*I am on Sabbatical leave in Toronto till June 2014. I should still be able to blog some recipes from time to time.
I am here till June for my Sabbatical leave, joining the classes and interactions at the Winter Semester in Wycliffe College. Classes have not started yet and it was a week of catching up with some old friends.
I thought I knew what cold is till I arrived in Toronto, right in the heart of their winter. I am not complaining and I reckon I should positively adapt and even learn to enjoy it as I am not here for a week of touristy visit.
Apart from making sure I have everything I need to keep myself warm, food and cooking was something I needed to get down to as I don't fancy trudging through the snow for every meal.
It is still early days, but even in winter, I can see that Toronto has some of the best supermarkets or markets that I have visited abroad so far: very wide range, fresh and surprisingly, cheap. Toronto is one of the most multi-ethnic cities in the world and the food they stock on the market shelves also reflect that. You can get just about anything, conveniently in one location.
It is a cooks' paradise.
I will say more about Toronto in future posts but lets move on to a recipe.
My friend was craving for curry and asked me to cook one for his family dinner. It also happened that it was a very cold day, - 15°C and it quickly went down to > - 30°C when the wind blew. Imagine what that kind of cold can do to your skin. Just stick your head into your freezer for 10 minutes and take a selfie (please don't). Now, it is even colder than that.
So, I was more than happy to go curry. Chicken? That will be the usual. But it has not taken me long to notice how beautiful and cheap the pork here is. In Singapore, I hardly cook pork rib curry. The good cuts can range from SGD 17 to 20 per kilo. As we say colloquially, it will be "sayang" (wasted) to use good pork ribs for curry.
But here, it is about $8 per kilo for the best cuts. It was a no-brainer. Pork rib curry it will be.
Curry is one of the dishes which you can easily adapt once you understand the parts. Of course a great dish is always more than the sum of its parts and this is what a good curry is.
You need these parts:
- Spices (i.e cumin, coriander powder)
- Body i.e. onions, garlic, lemon grass
Carbo i.e potatoes (yellow flesh please)
Milk i.e. coconut
I will say that only the first three is necessary as carbo is optional if you are eating it with rice and bread. And of course, you need oil and salt. There are many variations of course to the parts, and for Indian and Thai types, you will use different ingredients.
As for the spices, ready powder mixes will be fine as long as they are fresh (flavours still there). Due to the weather here (not humid), I won't bother about making spices from scratch.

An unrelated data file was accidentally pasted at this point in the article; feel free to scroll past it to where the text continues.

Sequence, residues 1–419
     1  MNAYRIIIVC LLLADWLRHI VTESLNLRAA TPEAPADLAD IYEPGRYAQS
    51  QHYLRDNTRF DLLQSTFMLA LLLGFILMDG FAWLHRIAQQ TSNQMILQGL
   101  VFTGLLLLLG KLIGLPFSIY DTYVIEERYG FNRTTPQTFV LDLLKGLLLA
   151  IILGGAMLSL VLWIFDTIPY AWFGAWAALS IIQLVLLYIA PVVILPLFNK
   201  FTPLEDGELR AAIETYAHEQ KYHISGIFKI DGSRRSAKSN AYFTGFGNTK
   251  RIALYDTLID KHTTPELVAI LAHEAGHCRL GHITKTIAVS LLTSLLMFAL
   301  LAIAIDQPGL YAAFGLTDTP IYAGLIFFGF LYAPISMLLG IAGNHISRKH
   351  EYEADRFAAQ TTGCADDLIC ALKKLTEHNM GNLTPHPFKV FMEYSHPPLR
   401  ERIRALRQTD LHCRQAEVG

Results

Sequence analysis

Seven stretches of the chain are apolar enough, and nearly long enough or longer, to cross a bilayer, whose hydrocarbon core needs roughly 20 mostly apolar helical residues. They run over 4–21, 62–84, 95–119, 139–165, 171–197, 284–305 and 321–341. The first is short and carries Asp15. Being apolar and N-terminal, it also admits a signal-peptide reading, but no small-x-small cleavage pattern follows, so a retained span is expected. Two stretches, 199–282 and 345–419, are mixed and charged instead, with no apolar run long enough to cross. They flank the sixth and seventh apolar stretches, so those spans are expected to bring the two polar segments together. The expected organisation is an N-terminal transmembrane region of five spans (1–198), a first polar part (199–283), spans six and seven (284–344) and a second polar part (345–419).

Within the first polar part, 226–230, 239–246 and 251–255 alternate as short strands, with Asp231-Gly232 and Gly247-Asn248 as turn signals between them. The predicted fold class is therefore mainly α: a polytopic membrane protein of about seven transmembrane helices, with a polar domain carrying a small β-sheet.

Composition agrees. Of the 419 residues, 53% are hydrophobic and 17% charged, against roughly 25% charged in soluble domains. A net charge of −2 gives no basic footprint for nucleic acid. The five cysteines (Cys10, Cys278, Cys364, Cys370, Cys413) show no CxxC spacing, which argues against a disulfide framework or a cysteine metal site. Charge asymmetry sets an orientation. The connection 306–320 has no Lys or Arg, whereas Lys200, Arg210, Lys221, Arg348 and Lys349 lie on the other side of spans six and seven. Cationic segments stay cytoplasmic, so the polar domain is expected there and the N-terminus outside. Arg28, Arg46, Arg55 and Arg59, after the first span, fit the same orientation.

And for a few more tips, oil is important for both the cooking and eating. You need oil to caramelise/seat the "body ingredients" and release the flavours of the spices (Malays call it the "rempah"). As for eating, the unctuous mouthfeel is essential to good curries. That said, you can always skim off most of the oil after the curry is done and that which remains should suffice.
Salt is also essential and you need enough of it. Salt is a flavour-enhancer, carrying not just its own flavour but melding the rest together. If you do not have enough salt, your curry will taste flat even if you have the right ingredients.
One more thing: keep your curry at a low simmer (temp) and don't overcook the meat (time). You should be tasting your curry and testing the meat for doneness all the time. You can hardly make any serious mistakes. And if you do, just live another day to make another curry. A dish is only a failure if it stops you from attempting it again.
Once you understand the basics, you don't need to be bound to recipes and learn to create curries of your own. I don't like my curries to be too watery as long as the sauce is enough to go with bread.
Here we go. I will use the exact recipe I did for my friend and as he wants to cook it again and he can refer to this recipe.
Dry Pork Rib Curry Recipe
2 kg pork ribs
500 gm red onions
200 gm garlic
3 stalks of lemon grass
3T curry powder
2T tumeric powder
3T dried chilli powder
250 ml or a bowl of cooking oil
1T sea/table salt (or to taste)
1 can of coconut milk (about 250 ml)
1 kilo of potatoes (yellow flesh)
1 glass of water (250 ml)
A bunch of curry leaves
- Cut the pork ribs into equal bite-size pieces. Ask the butcher to do it for you if bone-cutting is involved.
- Blend the peeled onions, garlic and lemon grass (bottom white part only) into a paste.
- Heat up the oil in the wok or pot. Low fire or heat.
- Add the paste. Stir. Then add the curry leaves, turmeric and chilli powder . Add the curry leaves.
- Simmer for about 15 minutes.
- Add the pork ribs and stir. After 5 minutes, add the coconut milk & water. Simmer. It will take an hour to cook the ribs but as there are variations on your side, adjust accordingly. The meat should not be hard but it should not fall off the bone either, a sign that it is overcooked.
- At the mid-point (after 30 mins) add the peeled potatoes.
- Skim off the oil before seeing. The oil is flavourful and can be kept for another use.
My friend's kitchen facilities were rudimentary. The blender had seen it's day and could hardly blend the lemon grass. The stove was an electric one and I used a simple deep pan.
But who cares, as long as the outcome is delicious. Wherever you may be, as long as you have the ingredients, you can make a good satisfying curry.
And if you are living in the northern atmosphere, don't stay miserable.
Curry on cooking.
Some pictorials to guide you:
|I simmered the "rempah" and added the pork ribs|
|Coconut milk and water added|
|Potatoes added at mid-point|
|The curry is done. Skim and remove some of the oil.|